Vintage is fast becoming mainstream and while this may not please some die-hard fans, its growing popularity is a positive sign that our throwaway culture is reassessing the value of days gone by. And now there’s even a new festival dedicated to the cause.
Vintage at Goodwood, which took place in August, is the brainchild of Wayne and Gerardine* Hemingway of Red or Dead fame. Intended as a voyage of discovery, the festival celebrates music, fashion, film, art, dance and design from the 1940s to the 1980s.
“We’ve created something special that fills a niche because people don’t just want to see a band, they want to have an experience,” says Wayne Hemingway. “We’re giving an in-depth look into the underground scenes of lots of different kinds of music and design but in an accessible way. It’s not nostalgic, it’s fresh and exciting.”
While there were experiences aplenty, music was still the essential element, taking people on a magical mystery tour that included the Faces, Sandie Shaw, The Noisettes, Earth Wind & Fire, The Feeling, Heaven 17 and The Damned.
Performers like Sophie Ellis-Bextor and Shingai Shoniwa, lead singer of The Noisettes celebrated their love of vintage through their stage costumes.
“Vintage at Goodwood was definitely the highlight of the festival season for me and all the band and crew,” said Shoniwa. “It was like being at a huge dressing up party!”
“This is the best festival I’ve been to this year,” added Supergrass’s Danny Goffey, who had come to support the fashion show curated by his wife and daughter Pearl and Daisy Lowe. “It’s great for those who love vintage to be able to come here and go for it with like-minded people”
This was an opportunity to see and be seen as thousands turned out in their finest vintage, raising the bar of festival chic in spite of the weather. And if you hadn’t come prepared there was a high street full of vintage sellers to be plundered.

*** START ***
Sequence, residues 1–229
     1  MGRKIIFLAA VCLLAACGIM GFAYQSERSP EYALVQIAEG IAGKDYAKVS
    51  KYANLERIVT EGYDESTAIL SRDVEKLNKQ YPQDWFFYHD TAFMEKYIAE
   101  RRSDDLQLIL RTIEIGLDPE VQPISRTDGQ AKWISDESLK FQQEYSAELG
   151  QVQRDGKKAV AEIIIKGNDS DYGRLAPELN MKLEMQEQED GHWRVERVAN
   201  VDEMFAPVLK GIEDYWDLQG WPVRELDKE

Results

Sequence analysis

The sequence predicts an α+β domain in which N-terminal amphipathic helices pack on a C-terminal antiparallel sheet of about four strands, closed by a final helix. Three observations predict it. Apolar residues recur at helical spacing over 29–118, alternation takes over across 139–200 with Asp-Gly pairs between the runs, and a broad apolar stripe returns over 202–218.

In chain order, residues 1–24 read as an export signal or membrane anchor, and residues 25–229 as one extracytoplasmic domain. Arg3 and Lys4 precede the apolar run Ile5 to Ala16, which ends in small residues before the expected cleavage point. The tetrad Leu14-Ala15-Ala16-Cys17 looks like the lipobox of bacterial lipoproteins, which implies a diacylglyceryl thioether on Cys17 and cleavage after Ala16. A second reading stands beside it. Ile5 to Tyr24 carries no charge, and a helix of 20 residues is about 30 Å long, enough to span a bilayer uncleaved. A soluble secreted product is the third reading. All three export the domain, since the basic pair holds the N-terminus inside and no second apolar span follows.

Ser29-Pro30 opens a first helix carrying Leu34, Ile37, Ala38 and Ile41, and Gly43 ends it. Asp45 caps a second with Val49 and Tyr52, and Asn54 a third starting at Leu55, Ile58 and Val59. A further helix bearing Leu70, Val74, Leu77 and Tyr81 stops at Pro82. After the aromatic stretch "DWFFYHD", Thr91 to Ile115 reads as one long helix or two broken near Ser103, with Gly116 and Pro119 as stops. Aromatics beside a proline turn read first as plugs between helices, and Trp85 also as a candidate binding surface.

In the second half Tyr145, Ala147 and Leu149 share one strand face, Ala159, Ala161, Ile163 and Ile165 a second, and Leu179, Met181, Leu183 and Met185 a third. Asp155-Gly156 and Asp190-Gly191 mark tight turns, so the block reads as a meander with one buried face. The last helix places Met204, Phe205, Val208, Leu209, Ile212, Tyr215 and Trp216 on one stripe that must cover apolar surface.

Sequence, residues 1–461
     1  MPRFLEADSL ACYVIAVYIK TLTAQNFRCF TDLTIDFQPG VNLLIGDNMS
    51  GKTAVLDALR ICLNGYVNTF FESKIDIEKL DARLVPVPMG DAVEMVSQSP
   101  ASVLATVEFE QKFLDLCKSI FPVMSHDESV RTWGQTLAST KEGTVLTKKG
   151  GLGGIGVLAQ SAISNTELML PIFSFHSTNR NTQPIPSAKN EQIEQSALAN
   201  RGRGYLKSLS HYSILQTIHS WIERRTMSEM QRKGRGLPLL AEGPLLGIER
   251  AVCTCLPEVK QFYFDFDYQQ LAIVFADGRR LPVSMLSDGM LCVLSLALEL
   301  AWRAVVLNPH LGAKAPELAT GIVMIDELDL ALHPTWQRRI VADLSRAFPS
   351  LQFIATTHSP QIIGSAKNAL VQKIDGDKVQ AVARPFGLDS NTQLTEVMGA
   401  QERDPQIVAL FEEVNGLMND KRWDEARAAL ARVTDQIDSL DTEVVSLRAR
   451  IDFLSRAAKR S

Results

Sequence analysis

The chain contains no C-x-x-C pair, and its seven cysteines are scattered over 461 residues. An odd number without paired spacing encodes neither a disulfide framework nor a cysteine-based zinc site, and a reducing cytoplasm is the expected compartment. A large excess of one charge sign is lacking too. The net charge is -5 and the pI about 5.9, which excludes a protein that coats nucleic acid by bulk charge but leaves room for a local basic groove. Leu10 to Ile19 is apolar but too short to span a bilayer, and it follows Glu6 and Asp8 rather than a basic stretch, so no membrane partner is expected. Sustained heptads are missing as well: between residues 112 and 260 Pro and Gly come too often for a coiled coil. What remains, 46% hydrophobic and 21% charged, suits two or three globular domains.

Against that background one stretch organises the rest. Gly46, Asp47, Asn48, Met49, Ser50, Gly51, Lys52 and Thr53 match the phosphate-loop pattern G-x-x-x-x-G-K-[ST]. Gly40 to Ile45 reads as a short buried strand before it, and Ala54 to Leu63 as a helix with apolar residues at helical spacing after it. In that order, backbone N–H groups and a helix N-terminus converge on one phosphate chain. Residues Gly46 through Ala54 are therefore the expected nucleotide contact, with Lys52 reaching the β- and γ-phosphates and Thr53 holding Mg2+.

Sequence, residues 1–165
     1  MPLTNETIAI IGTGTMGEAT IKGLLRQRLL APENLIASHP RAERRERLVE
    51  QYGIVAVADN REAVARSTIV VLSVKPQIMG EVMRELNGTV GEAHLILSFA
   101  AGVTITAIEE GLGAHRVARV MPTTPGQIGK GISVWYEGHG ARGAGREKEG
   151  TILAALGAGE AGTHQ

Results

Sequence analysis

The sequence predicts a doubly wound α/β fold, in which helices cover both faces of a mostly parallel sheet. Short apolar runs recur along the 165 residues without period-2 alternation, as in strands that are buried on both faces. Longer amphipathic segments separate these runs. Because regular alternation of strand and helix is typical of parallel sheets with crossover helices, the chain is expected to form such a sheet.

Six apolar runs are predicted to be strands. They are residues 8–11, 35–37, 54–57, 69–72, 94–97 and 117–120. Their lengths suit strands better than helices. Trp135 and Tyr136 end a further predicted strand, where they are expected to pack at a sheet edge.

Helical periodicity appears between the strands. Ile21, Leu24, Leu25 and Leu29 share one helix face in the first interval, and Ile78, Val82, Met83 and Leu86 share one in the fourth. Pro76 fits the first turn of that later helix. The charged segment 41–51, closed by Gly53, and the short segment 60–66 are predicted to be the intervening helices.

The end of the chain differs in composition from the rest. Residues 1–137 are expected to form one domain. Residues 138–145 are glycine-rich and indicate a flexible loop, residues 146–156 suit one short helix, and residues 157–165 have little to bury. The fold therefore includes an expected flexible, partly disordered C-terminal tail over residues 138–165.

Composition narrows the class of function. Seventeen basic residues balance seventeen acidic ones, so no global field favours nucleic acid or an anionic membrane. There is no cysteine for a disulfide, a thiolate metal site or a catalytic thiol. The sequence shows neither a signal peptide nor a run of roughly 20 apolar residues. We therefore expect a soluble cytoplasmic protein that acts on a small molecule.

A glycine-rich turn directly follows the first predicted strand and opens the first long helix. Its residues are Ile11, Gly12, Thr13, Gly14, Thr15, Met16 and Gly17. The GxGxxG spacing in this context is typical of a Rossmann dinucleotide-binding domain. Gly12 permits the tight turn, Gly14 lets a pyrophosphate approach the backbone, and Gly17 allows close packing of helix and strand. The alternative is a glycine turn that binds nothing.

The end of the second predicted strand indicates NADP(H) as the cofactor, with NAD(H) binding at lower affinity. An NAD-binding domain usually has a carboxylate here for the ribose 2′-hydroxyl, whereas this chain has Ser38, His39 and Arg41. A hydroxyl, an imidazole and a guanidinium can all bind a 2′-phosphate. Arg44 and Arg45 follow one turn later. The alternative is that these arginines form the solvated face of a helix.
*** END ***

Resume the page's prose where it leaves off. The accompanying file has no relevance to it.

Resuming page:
This desire to be glamorous and original has long been fuelling the market for vintage clothing and has been spearheaded in the North both by buyers and sellers alike.
Catherine Smith, whose newly-opened store on Harrogate’s Cold Bath Road has made a reputation for its superb quality, high-end pieces, which are attracting a new breed of vintage customer.
“I’m aiming at people who haven’t tried vintage but are so impressed by the quality that they want to own it for themselves. They want an individual statement piece that’s also top quality. I think people realise you can’t get this kind of craftsmanship from most areas of retail anymore.”
Steve Elvidge, owner of Space in Harrogate has just launched a new business called www.vintageshops.co.uk, which recognises and facilitates this clamour for all things vintage as he explains.
“If you love vintage you will seek it out wherever you go and this location finder tool makes it easier.” The online directory, created in conjunction with Keeley Harris of Discover Vintage fairs, provides a UK wide map of vintage sellers, which already totals over 200 and counting.
“There are people who buy one piece of vintage and work it into their wardrobes and there are others who live the whole lifestyle. I think more than anything we’re acknowledging there’s some great design in the past.”